Turret versus Broadside

An Anatomy of British Naval Prestige, Revolution and Disaster, 1860-1870

Howard J. Fuller

A sweeping, in-depth examination of the legendary naval controversy which shook the Victorian Royal Navy and climaxed in the foundering of HMS Captain in 1870.
Date Published :
December 2020
Publisher :
Helion and Company
Series :
Wolverhampton Military Studies
Illustration :
25 photos, 12 ills, 3-4 plans
Format Available    QuantityPrice
Binding. : Hardback
ISBN : 9781913336226
Pages : 256
Dimensions : 9.2 X 6.1 inches
Stock Status : Not Yet Published. Available for Pre-Order
-
+
$49.95

Overview
-

On the 150th anniversary of the capsizing of Britain’s low-freeboard yet fully-masted ironclad HMS Captain, this widely researched, intensive analysis of the great ‘turret vs. broadside’ debate sheds new light on how the most well-funded and professional navy in the world at the height of its power could nevertheless build an ‘inherently unstable’ capital ship.

Utilizing an impressive array of government reports, contemporary periodicals, and unpublished personal papers, this definitive study crucially provides for the first time both a long-term and international context. The 1860s was a pivotal decade in the evolution of British national identity as well as warship design, nor were these two elements mutually exclusive. 1860 began gloriously with the launch of Britain’s first ocean-going ironclad, HMS Warrior, but 1870 ended badly with the Captain. Along the way, British public and political faith in the supremacy of the Royal Navy was not reaffirmed as some histories suggest, but wavered. The growing emphasis upon new technologies including ever heavier guns and thicker armor plating for men-of-war was not ‘decisive’ but divisive, as pressure mounted to somehow combine the range of Warrior with the unique protection and hitting power of American monitor-ironclads of the Civil War. As the geopolitical debate over rival ironclad proposals intensified, aggressively-minded Prime Minister Lord Palmerston gradually adopted a non-interventionist foreign policy which surprised his contemporaries. Turret vs. Broadside traces the previously unexplored connection between an increasingly schizophrenic Admiralty for and against the Captain, for example, and saber-rattling mid-Victorians sinking into an era of ‘Splendid Isolation’.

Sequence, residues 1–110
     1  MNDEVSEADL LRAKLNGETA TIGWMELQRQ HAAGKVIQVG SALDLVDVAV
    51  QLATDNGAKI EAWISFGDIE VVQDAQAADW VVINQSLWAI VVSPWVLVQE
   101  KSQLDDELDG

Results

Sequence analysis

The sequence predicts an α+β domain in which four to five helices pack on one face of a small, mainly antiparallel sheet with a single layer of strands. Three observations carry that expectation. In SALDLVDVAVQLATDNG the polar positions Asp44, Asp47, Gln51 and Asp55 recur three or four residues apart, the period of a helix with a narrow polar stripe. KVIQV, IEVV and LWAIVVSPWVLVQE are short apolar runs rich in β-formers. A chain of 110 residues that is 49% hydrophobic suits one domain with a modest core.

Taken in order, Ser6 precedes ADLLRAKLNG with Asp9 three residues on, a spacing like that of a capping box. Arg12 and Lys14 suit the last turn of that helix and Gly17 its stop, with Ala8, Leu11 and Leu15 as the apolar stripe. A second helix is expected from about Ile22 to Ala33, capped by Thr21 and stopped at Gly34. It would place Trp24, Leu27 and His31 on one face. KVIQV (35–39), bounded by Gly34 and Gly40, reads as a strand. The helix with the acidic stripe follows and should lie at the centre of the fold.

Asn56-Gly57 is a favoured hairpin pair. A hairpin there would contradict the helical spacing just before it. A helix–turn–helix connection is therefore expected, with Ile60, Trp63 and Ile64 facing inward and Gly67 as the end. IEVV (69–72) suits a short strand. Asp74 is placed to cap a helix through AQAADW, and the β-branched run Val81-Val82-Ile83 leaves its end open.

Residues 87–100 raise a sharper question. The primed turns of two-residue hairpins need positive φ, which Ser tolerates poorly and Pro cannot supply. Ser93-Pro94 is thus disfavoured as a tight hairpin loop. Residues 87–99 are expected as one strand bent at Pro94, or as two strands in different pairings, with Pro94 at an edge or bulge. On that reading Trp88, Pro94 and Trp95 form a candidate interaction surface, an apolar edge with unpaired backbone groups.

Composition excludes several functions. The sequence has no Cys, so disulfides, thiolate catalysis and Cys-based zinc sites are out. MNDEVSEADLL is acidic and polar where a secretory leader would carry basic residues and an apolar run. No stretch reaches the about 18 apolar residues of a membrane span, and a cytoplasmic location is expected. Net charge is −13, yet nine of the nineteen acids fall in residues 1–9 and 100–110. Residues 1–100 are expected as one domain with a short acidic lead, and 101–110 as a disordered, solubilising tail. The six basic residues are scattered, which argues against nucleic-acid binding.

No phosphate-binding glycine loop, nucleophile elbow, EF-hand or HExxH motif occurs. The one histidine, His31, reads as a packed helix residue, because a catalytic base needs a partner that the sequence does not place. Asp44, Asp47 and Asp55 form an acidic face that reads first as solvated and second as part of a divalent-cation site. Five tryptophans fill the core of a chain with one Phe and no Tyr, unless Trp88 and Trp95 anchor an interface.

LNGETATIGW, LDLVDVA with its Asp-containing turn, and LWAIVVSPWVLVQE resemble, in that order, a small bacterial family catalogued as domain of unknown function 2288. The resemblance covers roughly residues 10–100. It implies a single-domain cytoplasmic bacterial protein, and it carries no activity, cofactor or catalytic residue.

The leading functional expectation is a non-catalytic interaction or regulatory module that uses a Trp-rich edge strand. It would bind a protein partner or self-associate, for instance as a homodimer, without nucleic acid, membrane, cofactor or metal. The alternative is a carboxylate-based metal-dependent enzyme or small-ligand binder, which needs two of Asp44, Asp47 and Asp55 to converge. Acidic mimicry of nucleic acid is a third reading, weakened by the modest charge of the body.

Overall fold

About The Author
-

Dr. Howard Fuller is Reader in War Studies at the University of Wolverhampton (UK), and a former Fellow of US Naval History through the US Naval Historical Center (now Naval Heritage and History Command), Washington, DC, and Caird Research Fellow through the National Maritime Museum, Greenwich. He is the author of numerous books and articles including Clad in Iron: The American Civil War and the Challenge of British Naval Power (Praeger, 2007, reprinted in 2010 by Naval Institute Press) and Empire, Technology and Seapower: Royal Navy Crisis in the Age of Palmerston (Routledge, 2013).

More from this publisher